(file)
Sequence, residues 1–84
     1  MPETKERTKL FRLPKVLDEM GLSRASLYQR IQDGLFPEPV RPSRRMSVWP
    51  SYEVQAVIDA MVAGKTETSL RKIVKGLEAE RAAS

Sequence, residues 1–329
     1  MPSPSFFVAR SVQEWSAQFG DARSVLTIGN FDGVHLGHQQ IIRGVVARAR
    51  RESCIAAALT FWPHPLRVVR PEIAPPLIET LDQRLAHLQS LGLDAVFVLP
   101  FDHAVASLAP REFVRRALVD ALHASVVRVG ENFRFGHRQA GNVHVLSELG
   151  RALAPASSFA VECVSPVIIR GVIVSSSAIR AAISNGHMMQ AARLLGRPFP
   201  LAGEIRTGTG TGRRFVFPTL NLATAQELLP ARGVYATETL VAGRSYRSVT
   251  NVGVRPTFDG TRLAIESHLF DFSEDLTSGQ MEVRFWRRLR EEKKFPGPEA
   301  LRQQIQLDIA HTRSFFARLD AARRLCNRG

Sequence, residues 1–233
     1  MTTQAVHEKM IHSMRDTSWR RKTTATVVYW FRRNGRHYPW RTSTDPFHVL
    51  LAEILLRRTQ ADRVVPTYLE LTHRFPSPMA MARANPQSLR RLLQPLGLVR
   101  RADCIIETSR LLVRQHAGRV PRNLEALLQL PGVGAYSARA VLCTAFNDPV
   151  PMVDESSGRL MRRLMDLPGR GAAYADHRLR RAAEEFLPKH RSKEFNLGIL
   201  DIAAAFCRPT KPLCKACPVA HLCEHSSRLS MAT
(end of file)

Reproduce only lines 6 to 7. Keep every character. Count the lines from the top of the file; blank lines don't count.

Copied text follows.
    51  RESCIAAALT FWPHPLRVVR PEIAPPLIET LDQRLAHLQS LGLDAVFVLP
   101  FDHAVASLAP REFVRRALVD ALHASVVRVG ENFRFGHRQA GNVHVLSELG